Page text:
Logistics Startup: FLEXE and Pop-up Warehousing

Source: FLEXE

Source: FLEXE

Today's innovations from startups could be the source of transformation that shapes the future of logistics. Recent technological innovations have allowed startups to disrupt mature industries in a matter of a few years. Take Uber for example, a car service start up founded in 2009. As of July 2016, there have been more than 2 billion trips on Uber that have bypassed the taxi industry. Are there any start-ups out there that could have this type of impact in Logistics? This is the first in a series of posts on start-ups in the Logistics industry and we’ll start with a “shared economy” player, Flexe, a marketplace for excess warehousing space.

Company: FLEXE
Funding: $20.8 million

What is it?

FLEXE is a cloud-based peer-to-peer marketplace for sharing excess warehouse capacity; the airbnb for warehouses. FLEXE connects partial or temporary warehouse space with companies that need short term storage and provides order fulfillment services. As an on-demand provider, FLEXE does not require customers to make any capital, implementation, or technology investments, or sign long-term leases. FLEXE’s platform includes more than 400 warehouses in North America.

What are some Use Cases?

Distributors of Highly Seasonal Products: The seasonality of products like Halloween costumes, Christmas decorations, camping equipment or back-to-school-supplies leads to vastly underutilized warehousing space during the slow season. Previously, it was very difficult for companies with excess capacity to find companies that required warehouse space largely due to the duration of the slow season and complication with sub-leasing. The FLEXE platform changes the dynamics by allowing warehouses to market their excess capacity

Returns: Increasingly retailers are adopting more liberal returns policies and it is estimated that more than 30% of products ordered online are returned. FLEXE enables a compelling use case by allowing retailers to set up short term seasonal return centers in various parts of the country to manage spikes in the volume of returns after the holidays or sales promotions. Previously they would have either needed the capacity in their own warehouses or signed inflexible longer term contracts with third party logistics providers.

eCommerce and Pop-up Fulfillment: eCommerce likely provides the most interesting and lucrative use case for FLEXE. Thanks to Amazon, consumers now expect rapid order fulfillment for a low cost. Fast and cheap shipping has put customer convenience at the top of Amazon's priorities and at a minimum, I would expect next day delivery to become the new normal over time, just as free shipping became the new normal in 2005. FLEXE’s extensive network of warehouses enables retailers and small and mid-size eCommerce players to not only locate inventory close to their demand without making upfront investments, but also enables cost effective same-day and next-day shipping at a low cost.

3D Printing and Spare Parts: As 3D printing evolves and the price of the printers come down, why not throw 3D printing as a service into the mix? Customers could upload blueprints of their spare parts and the local warehouses could print locally close to the demand.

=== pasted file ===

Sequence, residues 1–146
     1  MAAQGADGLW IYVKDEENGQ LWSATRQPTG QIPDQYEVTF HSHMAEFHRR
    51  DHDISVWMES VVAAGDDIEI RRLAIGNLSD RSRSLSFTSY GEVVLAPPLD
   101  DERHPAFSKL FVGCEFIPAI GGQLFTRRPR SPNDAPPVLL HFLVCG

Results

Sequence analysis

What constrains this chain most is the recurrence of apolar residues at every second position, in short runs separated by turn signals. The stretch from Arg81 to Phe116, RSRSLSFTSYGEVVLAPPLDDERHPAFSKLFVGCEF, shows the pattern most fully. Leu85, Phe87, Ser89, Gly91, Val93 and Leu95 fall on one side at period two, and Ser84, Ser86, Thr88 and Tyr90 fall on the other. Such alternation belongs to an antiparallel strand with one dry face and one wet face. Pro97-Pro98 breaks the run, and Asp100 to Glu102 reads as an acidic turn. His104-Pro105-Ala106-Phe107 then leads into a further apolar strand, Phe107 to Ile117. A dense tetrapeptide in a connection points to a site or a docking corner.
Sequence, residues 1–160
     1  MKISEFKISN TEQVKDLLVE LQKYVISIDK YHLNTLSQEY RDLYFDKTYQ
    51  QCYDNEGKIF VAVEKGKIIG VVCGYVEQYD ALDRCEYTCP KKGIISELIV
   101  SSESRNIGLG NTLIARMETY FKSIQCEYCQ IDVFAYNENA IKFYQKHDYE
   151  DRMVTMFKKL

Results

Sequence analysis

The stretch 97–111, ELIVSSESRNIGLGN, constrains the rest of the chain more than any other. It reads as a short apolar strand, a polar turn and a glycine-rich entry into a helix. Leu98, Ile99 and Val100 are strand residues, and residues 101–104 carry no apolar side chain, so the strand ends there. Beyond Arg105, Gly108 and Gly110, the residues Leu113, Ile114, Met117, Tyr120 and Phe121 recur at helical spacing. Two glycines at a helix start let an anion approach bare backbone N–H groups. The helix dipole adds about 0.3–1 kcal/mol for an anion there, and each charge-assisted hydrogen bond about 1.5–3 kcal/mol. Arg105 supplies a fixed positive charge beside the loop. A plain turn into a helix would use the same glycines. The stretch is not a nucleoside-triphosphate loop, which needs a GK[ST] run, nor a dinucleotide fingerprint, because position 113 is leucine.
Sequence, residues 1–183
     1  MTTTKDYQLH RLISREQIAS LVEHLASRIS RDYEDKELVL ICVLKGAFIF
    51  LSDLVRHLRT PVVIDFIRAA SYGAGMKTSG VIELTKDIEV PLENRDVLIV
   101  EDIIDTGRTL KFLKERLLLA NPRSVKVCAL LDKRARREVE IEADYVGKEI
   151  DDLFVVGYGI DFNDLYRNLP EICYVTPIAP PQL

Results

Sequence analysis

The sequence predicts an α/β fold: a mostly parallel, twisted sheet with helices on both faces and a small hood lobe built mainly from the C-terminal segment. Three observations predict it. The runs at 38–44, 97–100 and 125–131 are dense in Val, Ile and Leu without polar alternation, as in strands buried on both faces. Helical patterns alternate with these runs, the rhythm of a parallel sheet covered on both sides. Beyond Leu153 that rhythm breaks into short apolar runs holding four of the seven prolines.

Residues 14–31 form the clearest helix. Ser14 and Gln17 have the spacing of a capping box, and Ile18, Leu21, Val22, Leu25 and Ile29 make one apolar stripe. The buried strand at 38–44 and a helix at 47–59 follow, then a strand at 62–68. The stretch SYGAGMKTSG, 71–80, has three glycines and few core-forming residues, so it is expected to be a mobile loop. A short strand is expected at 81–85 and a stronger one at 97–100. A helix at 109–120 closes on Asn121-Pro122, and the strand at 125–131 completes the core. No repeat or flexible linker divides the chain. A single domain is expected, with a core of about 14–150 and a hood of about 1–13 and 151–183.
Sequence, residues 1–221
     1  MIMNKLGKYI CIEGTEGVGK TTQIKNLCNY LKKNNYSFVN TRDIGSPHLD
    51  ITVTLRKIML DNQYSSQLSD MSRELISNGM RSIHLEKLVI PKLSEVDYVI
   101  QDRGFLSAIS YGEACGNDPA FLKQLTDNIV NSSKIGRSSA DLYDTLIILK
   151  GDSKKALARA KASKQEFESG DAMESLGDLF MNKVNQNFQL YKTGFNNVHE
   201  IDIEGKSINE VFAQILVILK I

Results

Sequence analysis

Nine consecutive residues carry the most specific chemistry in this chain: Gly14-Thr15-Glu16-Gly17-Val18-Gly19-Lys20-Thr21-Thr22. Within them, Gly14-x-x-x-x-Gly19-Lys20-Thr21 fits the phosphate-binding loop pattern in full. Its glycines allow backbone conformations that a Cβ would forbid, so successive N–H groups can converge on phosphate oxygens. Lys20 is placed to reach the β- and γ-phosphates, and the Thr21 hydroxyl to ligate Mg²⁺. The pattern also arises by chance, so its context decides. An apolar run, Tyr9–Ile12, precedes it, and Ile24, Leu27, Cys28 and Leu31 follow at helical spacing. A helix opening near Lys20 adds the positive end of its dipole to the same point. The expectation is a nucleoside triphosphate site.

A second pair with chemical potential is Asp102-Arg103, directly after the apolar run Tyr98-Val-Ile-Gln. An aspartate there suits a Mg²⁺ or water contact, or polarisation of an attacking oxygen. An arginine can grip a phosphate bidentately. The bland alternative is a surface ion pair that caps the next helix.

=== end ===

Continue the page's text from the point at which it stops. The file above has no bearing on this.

What could go right?

In other words, what are some of the conditions that might enable FLEXE to become a game-changer in logistics? While providing a simple process for offering excess capacity to companies that require capacity may be a nice little business, the true value lies in how the platform fits into 1. the evolution of eCommerce 2. and if companies can change their mindset as to how they view inventory and warehouses.

FLEXE’s model is somewhat analogous to Amazon Web Services (AWS). AWS enabled companies of all sizes from a single developer to large multinational organizations to access enterprise-level computing resources with zero up-front capital investments. This allowed companies to think differently about computing and shift from an asset-based fixed cost model to a variable service cost model that could be scaled up or scaled down with minimal friction. In the 1990’s and 2000’s most large companies IT department's were making massive upfront investments and long term commitments to software and hardware vendors. The rise of AWS enabled companies to think differently and avoid making these massive upfront investments and long term commitments. This has been particularly beneficial to startups who have not had to focus resources on buying and building their own server infrastructure to bring their products to market.

Could we see a similar change in mindset as to how companies view inventory and warehousing? Will retailers, startups, and smaller eCommerce companies be able to compete and grow their businesses quicker due to FLEXE's platform? Will new business models be created as a result of a warehouse sharing platform? Can the FLEXE platform be as friction-less to engage with as AWS? These are the multi-billion dollar questions

The societal shift from owning assets to a sharing economy has been one of the more recent ground-breaking innovations. How this plays out in warehousing is unknown at the moment, just as the value proposition of AWS was an unknown in it’s infancy, but by being a first mover in creating a warehouse marketplace, FLEXE is positioning themselves nicely to benefit from the sharing economy trend.

I cover forward-looking topics that are relevant for everyone interested in the future of logistics. You can read more articles here or sign-up for a free monthly newsletter here.